I have a cottage, with a basement, that we only visit for perhaps a couple of weekends each winter. We were advised to leave the heat on low all winter, to prevent any structural damage due to freezing and thawing. Is this necessary?
Well, it might be a good idea if your basement isn’t well-insulated. In winter, basements often get colder than the soil surrounding them. (This is because deep soil—more than about two metres—naturally maintains a temperature around 9˚C.) The chilly basement draws warmth out of the soil, the soil becomes cold, and the water in the soil freezes and expands, putting pressure on the basement. This pressure can cause the structure to bow inwards, or heave upwards. The results? Cracks in the foundation, or worse. The more moisture there is in your soil, the more likely this is to happen. As well, some types of soil—such as fine sand or silt—are more susceptible to freezing than others.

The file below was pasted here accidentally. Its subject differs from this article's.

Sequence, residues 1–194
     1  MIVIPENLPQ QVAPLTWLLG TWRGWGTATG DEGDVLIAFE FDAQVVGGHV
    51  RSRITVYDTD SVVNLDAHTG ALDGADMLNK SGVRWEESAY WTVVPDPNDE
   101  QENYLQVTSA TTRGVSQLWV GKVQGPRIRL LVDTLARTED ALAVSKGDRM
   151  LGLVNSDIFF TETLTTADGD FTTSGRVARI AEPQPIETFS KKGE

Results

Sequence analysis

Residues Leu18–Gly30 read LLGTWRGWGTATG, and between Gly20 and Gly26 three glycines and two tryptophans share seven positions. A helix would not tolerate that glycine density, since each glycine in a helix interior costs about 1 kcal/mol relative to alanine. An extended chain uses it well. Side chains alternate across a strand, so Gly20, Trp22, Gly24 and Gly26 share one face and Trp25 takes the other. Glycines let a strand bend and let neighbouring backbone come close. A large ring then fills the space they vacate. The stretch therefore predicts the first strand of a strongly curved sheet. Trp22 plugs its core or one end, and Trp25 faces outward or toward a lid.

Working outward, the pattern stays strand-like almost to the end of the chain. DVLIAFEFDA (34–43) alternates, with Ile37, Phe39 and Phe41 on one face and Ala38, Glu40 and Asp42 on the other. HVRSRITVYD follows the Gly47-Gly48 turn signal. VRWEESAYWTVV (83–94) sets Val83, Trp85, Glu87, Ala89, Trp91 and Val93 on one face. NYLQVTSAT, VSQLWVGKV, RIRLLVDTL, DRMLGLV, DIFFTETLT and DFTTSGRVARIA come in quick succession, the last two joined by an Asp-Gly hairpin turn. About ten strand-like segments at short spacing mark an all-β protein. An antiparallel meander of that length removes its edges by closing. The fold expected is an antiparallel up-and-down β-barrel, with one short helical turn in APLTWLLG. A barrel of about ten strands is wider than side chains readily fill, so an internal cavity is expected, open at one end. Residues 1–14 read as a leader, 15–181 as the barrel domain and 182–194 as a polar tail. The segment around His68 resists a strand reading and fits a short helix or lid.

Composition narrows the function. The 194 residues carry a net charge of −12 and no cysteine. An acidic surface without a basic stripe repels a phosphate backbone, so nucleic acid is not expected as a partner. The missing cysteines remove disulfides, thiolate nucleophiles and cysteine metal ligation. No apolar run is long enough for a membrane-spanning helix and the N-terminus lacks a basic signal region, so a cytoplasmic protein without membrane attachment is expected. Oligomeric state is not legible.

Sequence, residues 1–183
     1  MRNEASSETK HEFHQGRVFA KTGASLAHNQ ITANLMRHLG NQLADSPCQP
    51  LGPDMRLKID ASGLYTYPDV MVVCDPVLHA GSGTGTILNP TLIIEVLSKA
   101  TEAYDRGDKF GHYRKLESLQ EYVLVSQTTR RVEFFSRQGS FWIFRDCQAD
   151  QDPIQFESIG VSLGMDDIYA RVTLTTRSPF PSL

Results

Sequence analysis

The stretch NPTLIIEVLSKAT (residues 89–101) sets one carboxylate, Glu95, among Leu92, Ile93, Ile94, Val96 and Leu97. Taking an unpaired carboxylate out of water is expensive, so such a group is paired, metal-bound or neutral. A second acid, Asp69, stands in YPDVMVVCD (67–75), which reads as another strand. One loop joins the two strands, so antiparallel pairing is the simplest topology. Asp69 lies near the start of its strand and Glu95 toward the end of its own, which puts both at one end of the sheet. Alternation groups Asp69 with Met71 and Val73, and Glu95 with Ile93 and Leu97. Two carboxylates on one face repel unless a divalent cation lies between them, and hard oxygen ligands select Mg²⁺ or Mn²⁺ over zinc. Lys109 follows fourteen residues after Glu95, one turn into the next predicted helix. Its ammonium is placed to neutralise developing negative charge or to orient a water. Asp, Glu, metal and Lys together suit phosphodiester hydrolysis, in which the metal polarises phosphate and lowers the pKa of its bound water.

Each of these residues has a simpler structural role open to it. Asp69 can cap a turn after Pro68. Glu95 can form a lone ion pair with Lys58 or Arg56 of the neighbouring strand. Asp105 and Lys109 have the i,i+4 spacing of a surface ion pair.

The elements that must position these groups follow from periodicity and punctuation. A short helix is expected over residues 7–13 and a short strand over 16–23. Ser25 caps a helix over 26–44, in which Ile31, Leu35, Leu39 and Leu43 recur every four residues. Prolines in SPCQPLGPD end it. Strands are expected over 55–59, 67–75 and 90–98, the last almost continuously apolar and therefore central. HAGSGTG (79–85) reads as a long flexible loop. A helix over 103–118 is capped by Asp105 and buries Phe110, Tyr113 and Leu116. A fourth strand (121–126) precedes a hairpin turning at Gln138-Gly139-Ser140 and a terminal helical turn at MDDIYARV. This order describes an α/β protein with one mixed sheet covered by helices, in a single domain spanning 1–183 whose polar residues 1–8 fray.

If your basement stays toasty, there is less chance of a warm-soil-to-cold-building heat transfer, and therefore, less chance of frost damage. So indeed, one option is to keep the heat on low (above 5˚C). Another is to cover the exterior of the basement with thermal insulation. That’s no small job, but it may be more efficient in the long run.